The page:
Faculty Spotlight for June 2007
Michael Bender has been at Princeton since 1997. His research focuses on studies of the global carbon cycle, the fertility of the oceans, and paleoclimate. This work largely revolves around measurements of the concentration and isotopic composition of O2 in air, of dissolved O2 in seawater, and in trapped gases from ice cores.
Studies of the global carbon cycle center around analyzing the O2/N2 ratio of air from remote locations. Records up to 2003 are shown above, right. The long-term rate at which the O2/N2 ratio is falling allows one to partition the sequestration of fossil fuel CO2 between the land biosphere and the ocean. The amplitude of seasonal changes in the O2/N2 ratio of air reflects the fertility of individual ocean basins.
Studies of the concentration and isotopic composition of dissolved O2 in surface seawater allow us to estimate the rates of gross photosynthesis and net community production by the local ecosystems. Measurements made on discrete samples returned to the lab allow us to characterize these properties over broad areas of the ocean, and underway measurements with a membrane inlet mass spectrometer (lower left) give continuous records of net community production.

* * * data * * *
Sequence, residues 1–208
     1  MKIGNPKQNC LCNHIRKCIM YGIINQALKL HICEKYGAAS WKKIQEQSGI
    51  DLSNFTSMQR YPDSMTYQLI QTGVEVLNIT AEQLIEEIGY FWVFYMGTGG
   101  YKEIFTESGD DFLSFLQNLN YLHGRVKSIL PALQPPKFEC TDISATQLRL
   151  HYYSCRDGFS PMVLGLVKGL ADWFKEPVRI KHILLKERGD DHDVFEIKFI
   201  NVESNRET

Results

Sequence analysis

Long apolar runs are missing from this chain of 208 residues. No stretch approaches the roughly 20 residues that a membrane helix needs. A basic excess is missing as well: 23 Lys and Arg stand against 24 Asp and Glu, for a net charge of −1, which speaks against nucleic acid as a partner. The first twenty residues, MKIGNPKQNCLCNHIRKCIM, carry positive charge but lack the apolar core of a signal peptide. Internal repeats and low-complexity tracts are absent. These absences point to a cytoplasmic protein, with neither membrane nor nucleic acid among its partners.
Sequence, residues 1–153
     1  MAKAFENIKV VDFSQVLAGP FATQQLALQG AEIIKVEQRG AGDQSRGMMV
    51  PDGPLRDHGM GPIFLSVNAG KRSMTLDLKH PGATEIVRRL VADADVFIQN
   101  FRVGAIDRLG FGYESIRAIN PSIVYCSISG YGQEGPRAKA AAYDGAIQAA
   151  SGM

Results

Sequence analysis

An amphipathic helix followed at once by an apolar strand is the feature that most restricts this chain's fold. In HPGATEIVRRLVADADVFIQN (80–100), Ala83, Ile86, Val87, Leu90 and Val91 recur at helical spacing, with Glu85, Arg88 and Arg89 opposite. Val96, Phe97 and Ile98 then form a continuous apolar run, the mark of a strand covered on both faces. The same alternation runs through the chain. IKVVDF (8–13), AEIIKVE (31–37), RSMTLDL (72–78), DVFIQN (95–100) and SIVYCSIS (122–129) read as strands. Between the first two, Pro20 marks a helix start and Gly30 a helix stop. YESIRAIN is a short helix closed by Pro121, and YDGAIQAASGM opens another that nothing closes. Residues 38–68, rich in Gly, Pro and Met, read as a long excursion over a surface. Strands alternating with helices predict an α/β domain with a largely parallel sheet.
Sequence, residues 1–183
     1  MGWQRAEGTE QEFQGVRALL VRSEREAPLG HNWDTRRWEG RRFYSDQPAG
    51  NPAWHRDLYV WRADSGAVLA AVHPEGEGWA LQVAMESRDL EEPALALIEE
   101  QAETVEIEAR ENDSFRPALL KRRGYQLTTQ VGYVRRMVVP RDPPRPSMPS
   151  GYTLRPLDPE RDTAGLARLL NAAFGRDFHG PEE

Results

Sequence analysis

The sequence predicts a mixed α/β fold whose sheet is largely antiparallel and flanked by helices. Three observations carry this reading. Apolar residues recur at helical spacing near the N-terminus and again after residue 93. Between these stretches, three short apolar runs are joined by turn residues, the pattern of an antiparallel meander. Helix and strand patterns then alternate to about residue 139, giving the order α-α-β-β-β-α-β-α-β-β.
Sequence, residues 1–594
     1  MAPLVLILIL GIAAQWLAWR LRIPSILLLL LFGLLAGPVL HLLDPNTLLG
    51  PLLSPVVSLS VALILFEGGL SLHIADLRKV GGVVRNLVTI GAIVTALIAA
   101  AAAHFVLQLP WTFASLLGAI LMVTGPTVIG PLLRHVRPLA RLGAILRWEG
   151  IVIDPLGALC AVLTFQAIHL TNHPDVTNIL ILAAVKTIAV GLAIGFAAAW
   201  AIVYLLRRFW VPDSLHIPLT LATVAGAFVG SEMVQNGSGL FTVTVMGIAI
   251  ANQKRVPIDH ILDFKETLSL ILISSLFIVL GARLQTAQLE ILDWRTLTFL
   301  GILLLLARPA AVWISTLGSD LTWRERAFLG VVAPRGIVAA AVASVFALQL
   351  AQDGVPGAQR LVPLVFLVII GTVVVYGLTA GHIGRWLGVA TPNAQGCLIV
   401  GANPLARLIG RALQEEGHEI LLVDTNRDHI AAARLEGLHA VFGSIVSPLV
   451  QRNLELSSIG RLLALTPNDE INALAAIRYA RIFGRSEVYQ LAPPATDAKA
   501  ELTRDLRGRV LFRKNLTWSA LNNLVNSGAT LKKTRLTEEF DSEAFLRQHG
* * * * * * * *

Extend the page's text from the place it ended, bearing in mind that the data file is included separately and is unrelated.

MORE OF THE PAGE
Studies of past climates with ice cores are currently focused on collaborations with Lonnie Thompson (Ohio State) aimed at dating tropical and temperate ice cores, and with David Marchant (Boston University) aimed at recovering paleoclimate information from shallow polar ice cores dating back to the Miocene (Dry Valleys, Antarctica, lower right).
Current group members include graduate student Gabrielle Dreyfus, Research Scientist Nicolas Cassar, and lab managers Bruce Barnett and Robert Mika. We look forward to welcoming postdoctoral fellow Rachel Stanley and one or two new graduate students this fall.
Previous Faculty Spotlights